Two Things That Don’t Help a Query (Part 1)
“I got up today and decided to wear purple socks.”
Now, I’m sure you can see how a line like that wouldn’t help your query. Does it tell me something about you? Yes. Is it relevant to your book? No. Does it help an agent make an informed decision about whether to represent your book? Again, no.
Of course, you’d never write about your purple socks in your query letter. (Right?) BUT. What you will write… what you have written in a query (many thousands of you, anyway) is this:
“I’ve been writing since I fell out of my mother’s womb with a pencil in my hand.” Or some such impressive statement about your lifelong habit of writing. “I’ve been writing fiction since the third grade when I showed my first novel to my teacher Mrs. Zuckerman and she told me it was the best story she’d ever read in her life.”
The corollary is: “I’ve loved writing ever since I can remember.” You want us to know that you’ve not only been writing your whole life, you love writing.
It’s about as relevant as the purple socks statement. Yes, it tells me something about you. Go ahead and include it if you really feel it’s the most important thing I should know. But understand this: I will ignore it. I will slide right past as if you’d never said it. That’s because every single day of my life I read query letters that include “I’ve been writing my whole life” and hence, it has gone so far beyond cliché, it’s like a parody of a stereotype of a cliché.
The only time that kind of line is helpful and relevant is if it goes something like this: “I’ve been writing since I was three, at which time I won my first Caldecott Medal. By the age of seven I’d garnered two National Book Awards, one for fiction and one for non-fiction. I love writing so much that I continued, even though it took eight more years for me to finally win the Nobel Prize for Literature.”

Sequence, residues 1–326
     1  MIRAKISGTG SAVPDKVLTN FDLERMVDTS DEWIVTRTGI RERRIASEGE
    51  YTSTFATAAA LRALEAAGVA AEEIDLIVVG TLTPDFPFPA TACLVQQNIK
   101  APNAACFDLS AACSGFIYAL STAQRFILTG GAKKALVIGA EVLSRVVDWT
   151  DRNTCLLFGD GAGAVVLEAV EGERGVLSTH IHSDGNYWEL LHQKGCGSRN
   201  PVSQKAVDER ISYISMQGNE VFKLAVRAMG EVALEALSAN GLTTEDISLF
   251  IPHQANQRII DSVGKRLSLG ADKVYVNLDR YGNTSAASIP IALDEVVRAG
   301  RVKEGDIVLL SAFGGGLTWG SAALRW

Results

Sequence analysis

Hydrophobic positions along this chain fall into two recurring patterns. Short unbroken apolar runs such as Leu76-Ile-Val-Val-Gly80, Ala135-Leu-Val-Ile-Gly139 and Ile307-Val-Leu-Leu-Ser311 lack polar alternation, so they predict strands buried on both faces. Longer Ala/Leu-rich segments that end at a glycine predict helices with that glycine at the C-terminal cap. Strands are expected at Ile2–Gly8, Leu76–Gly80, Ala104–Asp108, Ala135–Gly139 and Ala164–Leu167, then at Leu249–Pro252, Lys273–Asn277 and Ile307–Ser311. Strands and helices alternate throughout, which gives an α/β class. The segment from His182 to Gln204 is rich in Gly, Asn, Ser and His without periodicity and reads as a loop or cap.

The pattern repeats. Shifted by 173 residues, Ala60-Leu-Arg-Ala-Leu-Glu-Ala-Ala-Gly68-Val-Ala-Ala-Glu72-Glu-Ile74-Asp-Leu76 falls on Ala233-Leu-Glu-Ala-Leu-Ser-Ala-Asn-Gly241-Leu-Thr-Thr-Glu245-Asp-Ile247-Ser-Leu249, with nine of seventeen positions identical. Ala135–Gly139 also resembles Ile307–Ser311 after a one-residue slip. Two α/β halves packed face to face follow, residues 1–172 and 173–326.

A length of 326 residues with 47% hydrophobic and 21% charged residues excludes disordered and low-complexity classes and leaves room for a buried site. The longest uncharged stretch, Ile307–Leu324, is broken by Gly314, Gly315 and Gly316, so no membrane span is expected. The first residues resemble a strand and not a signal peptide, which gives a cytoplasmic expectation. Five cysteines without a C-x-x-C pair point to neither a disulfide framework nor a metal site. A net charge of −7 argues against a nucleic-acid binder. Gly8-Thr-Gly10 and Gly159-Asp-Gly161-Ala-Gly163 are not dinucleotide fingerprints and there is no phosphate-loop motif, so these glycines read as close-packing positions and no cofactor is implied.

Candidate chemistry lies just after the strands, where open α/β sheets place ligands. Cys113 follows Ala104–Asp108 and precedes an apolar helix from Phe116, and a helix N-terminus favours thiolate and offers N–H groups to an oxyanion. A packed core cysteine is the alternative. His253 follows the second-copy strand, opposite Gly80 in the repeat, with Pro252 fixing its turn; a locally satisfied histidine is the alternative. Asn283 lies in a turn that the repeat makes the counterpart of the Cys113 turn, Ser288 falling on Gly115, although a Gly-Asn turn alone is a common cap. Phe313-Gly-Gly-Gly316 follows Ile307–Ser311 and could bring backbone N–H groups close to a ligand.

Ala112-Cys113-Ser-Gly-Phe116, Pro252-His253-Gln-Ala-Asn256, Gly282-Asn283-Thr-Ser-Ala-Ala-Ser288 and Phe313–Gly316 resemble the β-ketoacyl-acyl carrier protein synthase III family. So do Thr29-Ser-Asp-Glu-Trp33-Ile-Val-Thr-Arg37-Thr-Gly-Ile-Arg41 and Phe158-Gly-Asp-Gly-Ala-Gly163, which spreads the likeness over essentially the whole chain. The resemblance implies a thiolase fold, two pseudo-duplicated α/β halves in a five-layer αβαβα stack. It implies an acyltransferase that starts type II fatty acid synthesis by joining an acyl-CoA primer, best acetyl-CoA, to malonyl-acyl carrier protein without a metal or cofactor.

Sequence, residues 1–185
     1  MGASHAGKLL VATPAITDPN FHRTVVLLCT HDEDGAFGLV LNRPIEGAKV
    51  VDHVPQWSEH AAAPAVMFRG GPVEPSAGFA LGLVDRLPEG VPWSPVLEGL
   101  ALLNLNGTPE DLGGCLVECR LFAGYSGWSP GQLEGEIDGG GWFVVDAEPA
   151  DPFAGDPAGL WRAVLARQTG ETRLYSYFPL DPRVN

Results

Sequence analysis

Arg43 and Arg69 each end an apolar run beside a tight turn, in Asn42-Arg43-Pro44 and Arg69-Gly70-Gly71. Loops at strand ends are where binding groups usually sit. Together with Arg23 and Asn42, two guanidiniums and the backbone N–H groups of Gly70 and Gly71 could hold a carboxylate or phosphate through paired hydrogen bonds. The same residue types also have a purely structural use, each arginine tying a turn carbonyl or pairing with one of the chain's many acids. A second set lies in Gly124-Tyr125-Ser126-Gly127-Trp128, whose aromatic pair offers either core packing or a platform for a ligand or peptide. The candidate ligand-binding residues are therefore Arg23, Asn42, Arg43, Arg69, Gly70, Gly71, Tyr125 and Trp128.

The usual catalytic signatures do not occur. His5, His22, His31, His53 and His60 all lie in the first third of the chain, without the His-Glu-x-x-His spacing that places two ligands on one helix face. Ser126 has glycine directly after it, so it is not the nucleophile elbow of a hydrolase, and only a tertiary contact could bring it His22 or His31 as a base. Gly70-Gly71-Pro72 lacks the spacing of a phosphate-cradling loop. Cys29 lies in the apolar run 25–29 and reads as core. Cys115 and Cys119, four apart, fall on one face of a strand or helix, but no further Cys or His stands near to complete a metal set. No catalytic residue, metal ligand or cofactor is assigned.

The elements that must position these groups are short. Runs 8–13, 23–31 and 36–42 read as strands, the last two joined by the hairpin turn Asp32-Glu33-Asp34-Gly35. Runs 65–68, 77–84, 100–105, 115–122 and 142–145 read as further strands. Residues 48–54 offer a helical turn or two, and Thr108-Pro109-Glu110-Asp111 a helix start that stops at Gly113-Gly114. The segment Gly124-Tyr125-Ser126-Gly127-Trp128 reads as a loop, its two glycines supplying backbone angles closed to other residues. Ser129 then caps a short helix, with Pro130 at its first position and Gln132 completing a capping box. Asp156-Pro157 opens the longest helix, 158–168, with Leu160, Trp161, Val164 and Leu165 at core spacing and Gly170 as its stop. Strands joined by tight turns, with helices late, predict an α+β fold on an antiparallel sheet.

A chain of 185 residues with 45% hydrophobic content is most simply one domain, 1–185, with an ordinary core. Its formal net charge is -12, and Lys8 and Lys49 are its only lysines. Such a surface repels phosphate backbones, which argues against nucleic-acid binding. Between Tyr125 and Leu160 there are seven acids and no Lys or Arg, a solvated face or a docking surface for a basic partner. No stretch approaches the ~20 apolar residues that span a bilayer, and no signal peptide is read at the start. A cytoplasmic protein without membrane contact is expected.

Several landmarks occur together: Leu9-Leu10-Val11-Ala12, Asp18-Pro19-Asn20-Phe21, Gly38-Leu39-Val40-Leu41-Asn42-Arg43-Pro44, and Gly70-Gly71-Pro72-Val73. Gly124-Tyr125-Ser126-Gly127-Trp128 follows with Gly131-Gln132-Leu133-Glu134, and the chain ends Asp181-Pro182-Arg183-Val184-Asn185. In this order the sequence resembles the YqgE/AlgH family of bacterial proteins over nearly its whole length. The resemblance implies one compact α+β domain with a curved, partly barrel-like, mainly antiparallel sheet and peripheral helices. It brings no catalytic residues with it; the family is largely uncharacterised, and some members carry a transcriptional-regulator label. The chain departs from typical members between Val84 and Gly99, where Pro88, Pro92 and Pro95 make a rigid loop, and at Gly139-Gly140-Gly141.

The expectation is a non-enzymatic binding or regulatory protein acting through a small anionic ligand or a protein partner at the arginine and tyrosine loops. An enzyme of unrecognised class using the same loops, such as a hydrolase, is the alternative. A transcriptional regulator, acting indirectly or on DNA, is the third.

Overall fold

See what I’m saying? Only if it’s relevant.
One of the reasons your lifelong penchant for writing is irrelevant is because plenty of wonderful, talented authors didn’t get published until later in life. Richard Adams published Watership Down when in his fifties. Laura Ingalls Wilder didn’t publish the Little House books until her sixties. Henry Miller was 44 when his first novel was published, Raymond Chandler 51. And don’t forget one of my favorites, Frank McCourt, didn’t publish Angela’s Ashes until he was 66. So really, who cares if you’ve been writing since you were a child? Either you have a saleable book or you don’t, whether you started writing at six or sixty.
Keep your query letters on-point and focused. Only include information that’s germane to the topic at hand. Besides the actual pitch for the book, include such details as whether or not you’re previously published, if you’ve won any awards for your writing, and what genre of book you’re pitching.
Q4U: Since I don’t want to hear it in a query, go ahead and tell me now: How long have you been writing? Did you start when you were five, or fourteen, or were you a late bloomer?
*Tomorrow: The OTHER Thing That Doesn’t Help a Query